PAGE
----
Have you ever had one of those “Ah HA!” moments when listening to a band? No, I’m not talking about Norweigan one hit wonders and official musical group of the 1996 Winter Olympics in Lillehammer, Ah-ha. I’m talking about Austin, Texas’ TV Torso and their EP Status Quo Vadis. As I listened to it on repeat I kept wondering, with an increasing amount of persistence, “What does this remind me of?” I knew it was something I used to spin a lot not too long ago. Something about the ambiance of the sound made me remember the band Sound Team and their album Movie Monster from 2006. There is a song on there, “Your Eyes are Liars,” that I absolutely love. That album just sparks something in me, reminding me of a particularly exciting time in my life where I was just starting to listen to a lot of new music.

It was disappointing to come to the realization that Movie Monster would probably be the last thing that I would ever hear from Sound Team. The years went by and no news from the band ever surfaced. But lo and behold! Tracing my curiosity to last.fm and reading the bios of both bands I realize that my ear was right and there is a connection. Two of the members of TV Torso, drummer Jordan Johns and singer/guitarist Matt Oliver both come from Sound Team. Maybe my first hint would have been to look at the track-listing of Movie Monster again, because track 5 is a song called “TV Torso.”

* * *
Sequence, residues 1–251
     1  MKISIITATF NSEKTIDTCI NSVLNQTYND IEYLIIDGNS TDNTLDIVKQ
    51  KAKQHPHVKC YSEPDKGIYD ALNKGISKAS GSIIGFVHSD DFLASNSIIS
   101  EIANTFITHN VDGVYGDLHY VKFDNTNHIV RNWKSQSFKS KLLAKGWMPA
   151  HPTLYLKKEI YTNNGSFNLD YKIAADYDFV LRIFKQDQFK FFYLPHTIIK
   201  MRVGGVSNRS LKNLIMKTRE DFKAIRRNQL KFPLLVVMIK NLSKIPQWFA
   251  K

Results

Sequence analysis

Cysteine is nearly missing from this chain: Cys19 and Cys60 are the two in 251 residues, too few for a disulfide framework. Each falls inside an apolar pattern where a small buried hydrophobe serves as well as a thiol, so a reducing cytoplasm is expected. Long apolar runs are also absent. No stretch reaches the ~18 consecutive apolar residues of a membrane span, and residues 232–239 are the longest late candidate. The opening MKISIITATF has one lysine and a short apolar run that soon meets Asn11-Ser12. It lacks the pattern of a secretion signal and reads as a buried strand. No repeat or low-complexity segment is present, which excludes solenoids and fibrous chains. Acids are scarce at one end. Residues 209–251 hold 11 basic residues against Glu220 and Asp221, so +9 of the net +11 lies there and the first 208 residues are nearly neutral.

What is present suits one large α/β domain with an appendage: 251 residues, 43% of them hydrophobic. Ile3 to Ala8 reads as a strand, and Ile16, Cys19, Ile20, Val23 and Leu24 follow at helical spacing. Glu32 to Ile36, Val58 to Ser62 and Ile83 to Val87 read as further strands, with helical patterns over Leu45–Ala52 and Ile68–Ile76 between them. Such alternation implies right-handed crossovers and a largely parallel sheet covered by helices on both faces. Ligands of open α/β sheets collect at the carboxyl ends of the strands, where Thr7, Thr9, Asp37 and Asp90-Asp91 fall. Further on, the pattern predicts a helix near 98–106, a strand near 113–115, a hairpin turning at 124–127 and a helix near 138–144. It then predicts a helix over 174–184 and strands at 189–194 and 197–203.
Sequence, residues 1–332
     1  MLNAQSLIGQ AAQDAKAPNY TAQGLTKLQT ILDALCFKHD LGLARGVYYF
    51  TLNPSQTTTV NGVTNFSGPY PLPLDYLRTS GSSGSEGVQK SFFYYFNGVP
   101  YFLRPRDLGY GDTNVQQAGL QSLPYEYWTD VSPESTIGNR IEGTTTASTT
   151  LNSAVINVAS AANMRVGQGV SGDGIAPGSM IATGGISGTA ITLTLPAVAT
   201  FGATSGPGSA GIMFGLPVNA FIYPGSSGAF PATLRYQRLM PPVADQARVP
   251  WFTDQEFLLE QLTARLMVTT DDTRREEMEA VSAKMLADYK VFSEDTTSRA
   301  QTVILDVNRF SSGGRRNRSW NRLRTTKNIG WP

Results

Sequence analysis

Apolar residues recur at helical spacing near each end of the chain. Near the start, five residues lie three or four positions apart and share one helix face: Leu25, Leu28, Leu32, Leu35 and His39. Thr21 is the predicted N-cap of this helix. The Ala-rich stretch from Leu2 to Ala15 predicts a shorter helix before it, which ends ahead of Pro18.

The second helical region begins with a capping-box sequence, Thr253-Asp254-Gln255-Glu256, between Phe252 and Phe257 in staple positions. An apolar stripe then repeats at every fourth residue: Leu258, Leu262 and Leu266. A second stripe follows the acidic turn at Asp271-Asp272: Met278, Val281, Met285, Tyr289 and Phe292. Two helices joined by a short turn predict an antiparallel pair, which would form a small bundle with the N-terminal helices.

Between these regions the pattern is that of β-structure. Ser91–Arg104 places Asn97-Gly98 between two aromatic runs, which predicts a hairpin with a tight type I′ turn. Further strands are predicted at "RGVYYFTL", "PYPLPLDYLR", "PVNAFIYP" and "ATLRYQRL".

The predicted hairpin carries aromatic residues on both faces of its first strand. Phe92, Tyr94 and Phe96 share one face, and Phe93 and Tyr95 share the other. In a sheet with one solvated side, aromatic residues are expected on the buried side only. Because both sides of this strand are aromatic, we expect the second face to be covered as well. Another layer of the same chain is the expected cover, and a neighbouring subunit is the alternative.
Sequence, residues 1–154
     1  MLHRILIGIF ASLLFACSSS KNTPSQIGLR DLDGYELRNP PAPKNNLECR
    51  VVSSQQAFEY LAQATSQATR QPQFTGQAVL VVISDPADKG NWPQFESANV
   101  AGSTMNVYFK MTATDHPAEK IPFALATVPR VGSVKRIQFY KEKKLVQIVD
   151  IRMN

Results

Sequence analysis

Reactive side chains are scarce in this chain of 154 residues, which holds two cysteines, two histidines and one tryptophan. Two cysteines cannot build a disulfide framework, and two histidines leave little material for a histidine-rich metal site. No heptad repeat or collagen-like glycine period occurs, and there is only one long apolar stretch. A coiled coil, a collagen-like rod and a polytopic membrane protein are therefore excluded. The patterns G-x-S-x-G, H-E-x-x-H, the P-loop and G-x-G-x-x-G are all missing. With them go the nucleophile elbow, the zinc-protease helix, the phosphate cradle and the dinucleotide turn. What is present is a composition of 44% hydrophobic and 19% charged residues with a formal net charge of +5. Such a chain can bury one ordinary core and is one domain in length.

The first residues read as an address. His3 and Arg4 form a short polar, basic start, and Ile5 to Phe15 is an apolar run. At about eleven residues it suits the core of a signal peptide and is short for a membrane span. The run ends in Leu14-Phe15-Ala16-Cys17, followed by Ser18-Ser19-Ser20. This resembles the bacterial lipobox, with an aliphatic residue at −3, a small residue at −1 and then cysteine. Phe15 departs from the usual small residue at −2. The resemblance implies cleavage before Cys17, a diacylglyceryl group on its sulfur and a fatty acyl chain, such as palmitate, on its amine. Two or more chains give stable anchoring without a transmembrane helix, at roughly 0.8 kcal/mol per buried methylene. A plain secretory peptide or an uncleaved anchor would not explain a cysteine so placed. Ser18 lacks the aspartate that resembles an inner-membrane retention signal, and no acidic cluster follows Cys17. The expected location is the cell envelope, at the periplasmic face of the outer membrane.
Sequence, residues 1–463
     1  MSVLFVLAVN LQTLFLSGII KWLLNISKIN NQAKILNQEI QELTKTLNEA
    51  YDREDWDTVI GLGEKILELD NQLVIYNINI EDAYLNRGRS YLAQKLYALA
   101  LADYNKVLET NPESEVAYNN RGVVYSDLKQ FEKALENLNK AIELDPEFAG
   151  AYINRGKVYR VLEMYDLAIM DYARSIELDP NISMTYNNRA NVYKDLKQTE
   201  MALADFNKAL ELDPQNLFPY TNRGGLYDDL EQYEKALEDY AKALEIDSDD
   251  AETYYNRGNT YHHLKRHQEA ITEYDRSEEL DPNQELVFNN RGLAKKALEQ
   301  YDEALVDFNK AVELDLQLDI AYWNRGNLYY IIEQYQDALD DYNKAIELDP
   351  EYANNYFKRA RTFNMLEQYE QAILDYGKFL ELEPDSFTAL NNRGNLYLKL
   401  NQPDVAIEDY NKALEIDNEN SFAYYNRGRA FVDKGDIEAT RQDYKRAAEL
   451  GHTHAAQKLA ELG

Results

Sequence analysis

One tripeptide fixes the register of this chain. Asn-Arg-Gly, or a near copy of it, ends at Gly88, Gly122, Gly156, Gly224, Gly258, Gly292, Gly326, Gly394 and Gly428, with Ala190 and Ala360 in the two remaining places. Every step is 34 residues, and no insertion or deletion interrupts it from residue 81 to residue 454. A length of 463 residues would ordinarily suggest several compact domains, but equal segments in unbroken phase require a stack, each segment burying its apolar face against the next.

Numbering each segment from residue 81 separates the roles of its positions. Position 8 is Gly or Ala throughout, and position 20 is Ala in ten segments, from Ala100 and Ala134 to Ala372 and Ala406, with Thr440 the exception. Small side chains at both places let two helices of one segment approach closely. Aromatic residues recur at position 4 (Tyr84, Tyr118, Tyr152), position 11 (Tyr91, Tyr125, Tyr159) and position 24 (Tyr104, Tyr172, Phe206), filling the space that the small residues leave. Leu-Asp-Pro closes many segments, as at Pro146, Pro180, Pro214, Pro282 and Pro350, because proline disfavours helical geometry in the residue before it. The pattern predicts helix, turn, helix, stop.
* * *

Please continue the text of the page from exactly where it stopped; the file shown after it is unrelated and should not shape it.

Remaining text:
This EP could serve as a new beginning, and the way that it opens it sounds like the band is trying to do exactly that. They have an already fully formed sound that includes the hypnotic swirl of echo that made Sound Team’s music so recognizable. Songs like “Slanderer’s Stew” and EP closer “Far Enough Away” are both extended minimalist jams that include extended instrumental work while “Two Glass Eyes” is more typical of standard song length and verse chorus verse structure.

It’s a solid effort from established musicians. Personally I’m just happy that I can pick up again with TV Torso where Sound Team left off.

///

TV Torso on: Facebook/Bandcamp/Web